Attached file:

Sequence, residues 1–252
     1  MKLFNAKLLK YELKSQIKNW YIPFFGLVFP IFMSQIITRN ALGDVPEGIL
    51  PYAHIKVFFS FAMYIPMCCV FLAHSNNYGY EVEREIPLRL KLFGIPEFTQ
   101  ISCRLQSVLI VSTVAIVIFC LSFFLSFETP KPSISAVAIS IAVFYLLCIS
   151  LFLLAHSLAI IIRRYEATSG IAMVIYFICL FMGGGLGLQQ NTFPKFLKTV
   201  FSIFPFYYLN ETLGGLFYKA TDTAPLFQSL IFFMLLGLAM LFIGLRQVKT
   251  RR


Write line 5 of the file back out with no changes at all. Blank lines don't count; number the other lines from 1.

   151  LFLLAHSLAI IIRRYEATSG IAMVIYFICL FMGGGLGLQQ NTFPKFLKTV